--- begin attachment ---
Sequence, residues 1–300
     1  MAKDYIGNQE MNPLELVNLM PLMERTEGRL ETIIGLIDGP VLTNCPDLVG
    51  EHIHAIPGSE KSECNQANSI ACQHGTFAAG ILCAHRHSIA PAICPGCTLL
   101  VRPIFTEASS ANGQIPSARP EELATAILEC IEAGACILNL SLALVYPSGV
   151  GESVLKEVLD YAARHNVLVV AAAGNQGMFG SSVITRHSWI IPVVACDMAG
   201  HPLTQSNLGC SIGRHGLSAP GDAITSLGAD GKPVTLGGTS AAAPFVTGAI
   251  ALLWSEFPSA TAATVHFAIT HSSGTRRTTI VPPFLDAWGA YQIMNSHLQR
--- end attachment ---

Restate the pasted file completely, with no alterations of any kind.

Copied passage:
Sequence, residues 1–300
     1  MAKDYIGNQE MNPLELVNLM PLMERTEGRL ETIIGLIDGP VLTNCPDLVG
    51  EHIHAIPGSE KSECNQANSI ACQHGTFAAG ILCAHRHSIA PAICPGCTLL
   101  VRPIFTEASS ANGQIPSARP EELATAILEC IEAGACILNL SLALVYPSGV
   151  GESVLKEVLD YAARHNVLVV AAAGNQGMFG SSVITRHSWI IPVVACDMAG
   201  HPLTQSNLGC SIGRHGLSAP GDAITSLGAD GKPVTLGGTS AAAPFVTGAI
   251  ALLWSEFPSA TAATVHFAIT HSSGTRRTTI VPPFLDAWGA YQIMNSHLQR